Julianna Barwick’s 2011 second album The Magic Place used her looped vocal lines to create sumptuous choral noise that has more in common with synthetic ambient music then community choirs. A ghostly gorgeous imprint was the outcome.
Nepethene feels much more alive. Taking advantage of an invite from producer Alex Somers to come to the popular artist haven of Iceland, Barwick has composed an album that breathes and sings in unison with its creator. Whether it’s a teenage girl choir or string section parts from Amiina, guitar from Róbert Sturla Reynisson from Múm or, even, a contribution from her mother, a former member of a travelling vocal group, Nepethene benefits from the input of others.
The album’s title is from Ancient Greek literature which refers to a magic drug that would banish grief from the minds of its takers. Barwick chose it having experienced a death in the family during the recording.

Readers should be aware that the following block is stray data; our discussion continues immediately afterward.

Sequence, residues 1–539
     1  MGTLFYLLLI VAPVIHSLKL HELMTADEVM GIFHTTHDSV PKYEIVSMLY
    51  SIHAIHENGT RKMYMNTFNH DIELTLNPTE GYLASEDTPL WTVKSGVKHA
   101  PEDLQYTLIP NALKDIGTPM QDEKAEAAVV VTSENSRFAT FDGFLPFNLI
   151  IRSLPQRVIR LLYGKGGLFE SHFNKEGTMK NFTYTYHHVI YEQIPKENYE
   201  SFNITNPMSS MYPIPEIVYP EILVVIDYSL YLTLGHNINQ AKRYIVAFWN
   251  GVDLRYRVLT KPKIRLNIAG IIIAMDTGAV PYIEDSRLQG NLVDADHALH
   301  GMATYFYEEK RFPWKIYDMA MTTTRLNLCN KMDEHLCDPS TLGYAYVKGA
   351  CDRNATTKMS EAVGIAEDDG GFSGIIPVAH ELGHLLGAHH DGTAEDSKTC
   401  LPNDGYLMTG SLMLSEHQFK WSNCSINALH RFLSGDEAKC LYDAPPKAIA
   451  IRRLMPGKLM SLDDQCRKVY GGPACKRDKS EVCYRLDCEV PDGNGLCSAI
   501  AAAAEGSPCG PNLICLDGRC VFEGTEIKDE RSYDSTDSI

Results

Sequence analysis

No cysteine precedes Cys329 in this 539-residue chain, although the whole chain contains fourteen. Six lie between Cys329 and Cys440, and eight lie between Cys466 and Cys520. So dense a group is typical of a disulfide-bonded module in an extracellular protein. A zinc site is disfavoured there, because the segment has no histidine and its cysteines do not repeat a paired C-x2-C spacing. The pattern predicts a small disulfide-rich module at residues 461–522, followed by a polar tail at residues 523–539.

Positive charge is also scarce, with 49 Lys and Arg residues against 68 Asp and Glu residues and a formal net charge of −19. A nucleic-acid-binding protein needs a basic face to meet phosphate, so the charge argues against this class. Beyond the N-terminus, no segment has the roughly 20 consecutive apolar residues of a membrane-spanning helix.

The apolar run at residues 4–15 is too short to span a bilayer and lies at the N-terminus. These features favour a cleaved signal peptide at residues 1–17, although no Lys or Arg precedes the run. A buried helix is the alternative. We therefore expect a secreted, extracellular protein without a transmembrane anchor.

Barwick’s trademark ethereal wonderment could be considered to have such an effect as the magic drug.
On Nepethene, the music, thanks to the collaborations are much more dynamic. There’s a hopeful tone. With the compositions becoming less loop-based and drawn from one mind, the arrangements don’t rely on sustained layering as much as before. Instead, the album exudes a rich glow of noise that is concocted of more substantial source material. The result is a calming collection of choral-assisted music that has a more multi-faceted panoramic sound.
Barwick, no longer composing alone in her Brooklyn home has created something much more universal than before.